' ' Cinema Romantico: Ghosted

Monday, May 08, 2023


Cinema, pardon me, Movies, pardon me, Streaming Content, might be about spending time in the company of Beautiful People, and Ana de Armas and Chris Evans might officially be Beautiful People (a ceremony that typically takes place in a backroom at the Met Gala), but this is true only up to a point. That beauty needs to sizzle on (your TV) screen, or that beauty needs to be turned upside down, or preferably, both need to happen. Dexter Fletcher’s Apple TV+ “Ghosted” achieves neither as farmer’s market denizen Cole (Evans) and Sadie (de Armas), a CIA agent posing as an art curator, fall in and out of and back in love while on the run from bad guys and in search of a MacGuffin that’s somehow even a notch below “Knight and Day’s” (2010) not-fabled Zephyr. “Ghosted” suggests last year’s “The Lost City,” which itself deliberately suggested “Romancing the Stone” (which looks more and more looks like a five-mic masterpiece with every passing year), but if the Brad Pitt and Sandra Bullock characters were the principals and their genders reversed. Yet if that movie was far from very good, never mind perfect, it at least conveyed its wackadoodle plot with some twinkly enthusiasm and evinced a screwball energy in its performances, two qualities that “Ghosted” conspicuously lacks and which, as much as anything, dooms its nigh two-hour running time to the watch-while-folding-laundry pile.

Chris Rock once observed that on a first date you were not meeting a person, you were meeting a person’s representative. That’s never been truer than “Ghosted” and yet rather than taking advantage of the golden metaphor contained within their own screenplay to explore such dating false fronts, the cavalcade of four writers ultimately opts for a more rote approach by tying Sadie’s relationship struggles to the loss of her mother and Cole’s to his clingy over eagerness. The former never takes flight, too earnest given the surreal context and never provided enough room to breathe for all that’s going on, while the latter suffers because Evans’s performance never emits any of the mania written into the character. (The notion of his stalking her across the Atlantic, meanwhile, is mostly elided rather than dealt with a la “There’s Something About Mary.”) If neither character quite works on their own, they are equally ineffective together, whether bickering or besotted, de Armas and Evans evincing no undercurrent of sexual crackle in either situation, such crackle being this kind of movie’s raison d’etre. Even when their characters are briefly marooned on a deserted island in the Arabian Sea, they are shot to look like air conditioning is at full blast. They’re Beautiful People; let them sweat ‘til they bleed! It’s telling how many times other characters explicitly comment on their supposed sexual energy, as if attempting to will it on behalf of a director that can’t find a way to muster it on his own, evocative of a movie that just wants the audience to accept what’s supposed to be as opposed to manufacturing it, further epitomized in the occasional big-name cameos that have no reason to exist beyond sleight of hand; look at these famous faces, never mind nothing is really here.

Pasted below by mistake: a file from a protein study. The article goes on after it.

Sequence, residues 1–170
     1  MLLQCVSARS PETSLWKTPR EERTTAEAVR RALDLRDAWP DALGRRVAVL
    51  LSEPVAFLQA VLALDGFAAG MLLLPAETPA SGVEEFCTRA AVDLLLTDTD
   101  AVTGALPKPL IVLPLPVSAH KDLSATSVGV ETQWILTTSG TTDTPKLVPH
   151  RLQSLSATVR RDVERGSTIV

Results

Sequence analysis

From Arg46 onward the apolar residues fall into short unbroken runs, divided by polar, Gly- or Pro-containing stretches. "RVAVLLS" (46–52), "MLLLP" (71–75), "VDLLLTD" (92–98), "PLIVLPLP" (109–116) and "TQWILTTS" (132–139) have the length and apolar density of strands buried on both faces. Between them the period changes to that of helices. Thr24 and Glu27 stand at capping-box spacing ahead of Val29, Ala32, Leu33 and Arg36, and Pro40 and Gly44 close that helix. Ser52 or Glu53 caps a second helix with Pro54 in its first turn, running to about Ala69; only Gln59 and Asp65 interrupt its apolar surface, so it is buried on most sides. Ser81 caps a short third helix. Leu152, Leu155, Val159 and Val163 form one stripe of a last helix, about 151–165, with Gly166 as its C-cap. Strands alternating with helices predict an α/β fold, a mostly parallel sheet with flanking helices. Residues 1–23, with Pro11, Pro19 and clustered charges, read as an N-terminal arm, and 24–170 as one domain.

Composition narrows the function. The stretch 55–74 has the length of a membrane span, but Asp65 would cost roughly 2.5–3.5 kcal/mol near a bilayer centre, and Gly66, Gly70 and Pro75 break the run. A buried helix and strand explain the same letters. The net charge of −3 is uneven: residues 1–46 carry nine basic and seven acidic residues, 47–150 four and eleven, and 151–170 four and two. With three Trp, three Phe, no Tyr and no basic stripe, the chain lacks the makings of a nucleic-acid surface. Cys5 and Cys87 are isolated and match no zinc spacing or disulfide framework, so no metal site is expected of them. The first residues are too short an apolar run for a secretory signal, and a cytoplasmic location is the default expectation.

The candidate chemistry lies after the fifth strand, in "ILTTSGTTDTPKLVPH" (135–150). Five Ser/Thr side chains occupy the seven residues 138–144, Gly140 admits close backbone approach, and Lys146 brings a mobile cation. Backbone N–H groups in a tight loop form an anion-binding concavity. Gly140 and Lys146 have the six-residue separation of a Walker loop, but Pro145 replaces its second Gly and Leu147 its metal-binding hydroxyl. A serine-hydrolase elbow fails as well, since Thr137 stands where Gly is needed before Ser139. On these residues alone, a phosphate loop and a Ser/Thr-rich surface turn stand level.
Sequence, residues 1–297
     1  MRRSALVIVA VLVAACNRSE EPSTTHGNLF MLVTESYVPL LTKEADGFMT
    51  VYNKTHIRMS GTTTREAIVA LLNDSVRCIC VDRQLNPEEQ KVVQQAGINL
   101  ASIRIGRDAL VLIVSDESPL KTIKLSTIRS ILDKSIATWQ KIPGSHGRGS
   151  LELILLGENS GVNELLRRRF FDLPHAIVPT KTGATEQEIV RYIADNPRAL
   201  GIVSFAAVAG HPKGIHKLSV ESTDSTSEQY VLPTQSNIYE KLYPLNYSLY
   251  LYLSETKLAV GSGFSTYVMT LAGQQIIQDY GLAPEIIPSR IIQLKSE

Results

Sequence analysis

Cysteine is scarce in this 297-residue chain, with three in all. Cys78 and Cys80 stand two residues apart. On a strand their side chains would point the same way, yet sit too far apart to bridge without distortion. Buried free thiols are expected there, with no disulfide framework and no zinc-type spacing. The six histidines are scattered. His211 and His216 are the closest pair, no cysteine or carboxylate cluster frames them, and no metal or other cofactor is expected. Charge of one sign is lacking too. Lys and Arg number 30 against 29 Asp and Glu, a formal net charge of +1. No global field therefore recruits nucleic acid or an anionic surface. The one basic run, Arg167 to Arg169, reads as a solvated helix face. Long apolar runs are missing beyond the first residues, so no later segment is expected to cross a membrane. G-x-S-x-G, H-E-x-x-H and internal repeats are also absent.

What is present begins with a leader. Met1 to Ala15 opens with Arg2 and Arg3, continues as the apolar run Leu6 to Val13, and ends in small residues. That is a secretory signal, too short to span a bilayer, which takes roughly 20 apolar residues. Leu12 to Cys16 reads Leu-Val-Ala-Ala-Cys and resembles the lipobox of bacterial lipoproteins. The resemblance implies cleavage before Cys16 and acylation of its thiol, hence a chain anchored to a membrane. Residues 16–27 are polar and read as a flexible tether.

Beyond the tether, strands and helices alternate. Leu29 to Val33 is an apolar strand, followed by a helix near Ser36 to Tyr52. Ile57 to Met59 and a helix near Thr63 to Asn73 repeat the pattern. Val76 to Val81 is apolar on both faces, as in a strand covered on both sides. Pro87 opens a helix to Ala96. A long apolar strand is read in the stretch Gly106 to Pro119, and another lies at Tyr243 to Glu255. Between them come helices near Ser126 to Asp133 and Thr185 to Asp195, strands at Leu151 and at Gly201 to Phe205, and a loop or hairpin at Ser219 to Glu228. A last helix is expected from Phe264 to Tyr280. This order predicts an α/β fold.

If there’s a cameo that works, it’s Tim Blake Nelson as the villainous Borislov, who prefers torture via insect, a character that feels baked in rather than simply about the person playing the part. Then again, he gets moved aside early, paving the way for the even more villainous Adrien Brody, whose slimy visage is never utilized in any amusing way, the sequences among bad guys all strangely straight-faced and at frustrating odds with the nominal comedy. There are some action set-pieces born of good ideas, whether a car chase by bus or a revolving restaurant moving at high speed, but none madcap enough in their rendering to be funny, none stylishly enough composed to be thrilling. It epitomizes an action slash adventure slash romantic comedy movie that in failing to meld these tones together comes across entirely muddled, taking red, yellow, and blue and running them through the moviemaking wash so that “Ghosted” comes out just one more indistinct Hollywood grey.

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